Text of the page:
Thursday, April 11: Before leaving Mario’s house in Izki this morning, he shows me a flower he discovered growing against the wall of his building, which is located in a hot and dry environment. We both marvel that such a pretty & delicate plant is able to thrive in such a barren place.
We then go to Muscat, where we spend a couple of hours showing my car to some Omanis. This detour turns out to be a big waste of time. By the time we grab some lunch and arrive in Awabi on the Rustaq loop, it is well after one o’clock.
This wadi used to have a 26 km unpaved road back to the lovely town of Al Alya, but in the last several years, the road has been paved. It’s a smooth and well-constructed road, so it’s now an easy drive. We drive through Wadi Bani Kharous, flanked by the steep limestone cliffs of Jebel al Jaru to the east, Jebel al Akdhar to the southeast, and Jebel Al Hijayr to the north.
Wadi Bani Kharous is surprisingly developed, unlike most wadis in Oman, with a string of seven villages forming an almost continuous settlement, according to The Rough Guide to Oman. There are more than 4,000 people living in Wadi Bani Kharous, compared with less than 500 in Wadi al Hijayr, according to Oman Off-Road. This wadi is geologically important because of its range of rock formations spanning over 500 million years, from the Cretaceous period to the Late Proterozoic era, according to The Rough Guide to Oman.
On the way to Al Alya, the village of approximately 1,000 people at the end of the wadi, we take a detour off the main road to explore Al Hijayr. At the end of this road, in Halhal, we come upon some Omani men congregating for a social hour. They offer us some bananas and oranges. Some allow us to take their pictures. Only one among them can speak a little English, so we exchange a few words with him.
In Al Alya, we find some Yemeni-style traditional houses, with their ornate upper rounded windows and castellated balconies.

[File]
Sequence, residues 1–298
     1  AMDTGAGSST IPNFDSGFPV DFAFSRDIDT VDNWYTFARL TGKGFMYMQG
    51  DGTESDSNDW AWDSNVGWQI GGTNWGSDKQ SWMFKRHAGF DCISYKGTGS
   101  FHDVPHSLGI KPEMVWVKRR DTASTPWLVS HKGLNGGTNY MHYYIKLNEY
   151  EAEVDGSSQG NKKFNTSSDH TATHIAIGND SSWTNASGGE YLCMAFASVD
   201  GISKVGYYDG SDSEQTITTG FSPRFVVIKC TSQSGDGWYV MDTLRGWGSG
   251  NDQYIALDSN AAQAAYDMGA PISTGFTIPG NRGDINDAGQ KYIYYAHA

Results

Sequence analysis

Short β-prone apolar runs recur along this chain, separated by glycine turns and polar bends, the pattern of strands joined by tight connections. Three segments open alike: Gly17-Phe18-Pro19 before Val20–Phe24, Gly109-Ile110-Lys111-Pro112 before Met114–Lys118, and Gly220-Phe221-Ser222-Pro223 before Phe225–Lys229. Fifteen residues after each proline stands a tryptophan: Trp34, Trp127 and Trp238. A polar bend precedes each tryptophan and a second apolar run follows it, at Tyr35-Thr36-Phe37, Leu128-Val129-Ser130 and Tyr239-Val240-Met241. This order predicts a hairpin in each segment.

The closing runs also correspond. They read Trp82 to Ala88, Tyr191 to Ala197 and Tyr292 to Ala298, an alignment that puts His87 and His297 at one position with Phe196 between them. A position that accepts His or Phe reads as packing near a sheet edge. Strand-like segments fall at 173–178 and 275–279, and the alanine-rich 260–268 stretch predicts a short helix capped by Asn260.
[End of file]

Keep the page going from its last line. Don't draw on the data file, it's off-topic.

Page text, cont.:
From the traditional houses, we can see a grand view of the mountains looking back from where we drove in. The wadi is especially pretty with its terraced plantations of date palms, grapevines, and mango, peach and almond trees.
We descend down some steps into the wadi, where we find some interesting plants, another traditional house, and a school bus.
We climb back out of the wadi and drive further down where we stop to take pictures of a pretty mosque. While there, three boys come out of their turquoise-gated house all dressed to play football.
As we turn around and head out of Al Alya, we stop to explore the wadi near a picturesque white mosque situated in the midst of some thriving date palms.
At the top of the hill above the mosque, we find a pretty little farm, but we don’t know for sure if we are welcome to explore too much, so we stay on the fringes and take some pictures.
When we come back down the hill, we meet an Omani man who speaks a few words of English. These farms are his and he’s pleased that we like them. He invites us to come to his house for coffee. We sit on the porch with his mother and sister and two cousins, who are all busy embroidering kumars, the traditional hats worn by Omani men. I’m surprised that the women don’t run into the house, especially since a foreign Western man is in their midst.
We eat apples and oranges and dates and drink some coffee. He looks through the pictures I’ve taken on my camera and then proceeds to show us some beautiful pictures he has taken using his phone. He is really a great photographer, with such a good eye. We can tell he’s quite pleased with his pictures, as he should be.
As we leave, we see this plant right next to the porch, punctuated with some bright red leaves.
Back down in the wadi, we come across this flowering weed, a lone plant among the rocks.
The sun is starting to set and as it falls low in the sky behind some clouds, it sends its last warming rays into the wadi.
As we drive back out, we stop to take pictures of some terraced fields and pretty houses in the waning sunlight.
We head then to Al Musanaah, where we have some dinner at a Pakistan “SPCIY” Village Restaurant. We have a laugh over the misspelling, which we can’t even pronounce. We eat a simple salad sprinkled with lime juice, some chicken with sauce and naan and paratha.
Finally, we check in at the little chalets at the Gulf Sand Hotel, where we have some trouble communicating with the receptionist who doesn’t speak a word of English. After we each check into our rooms, I join Mario for a little wine and conversation. We are both feeling really tired today because of the heat and humidity on the coast. I fall asleep easily in my ice-cold air-conditioned room.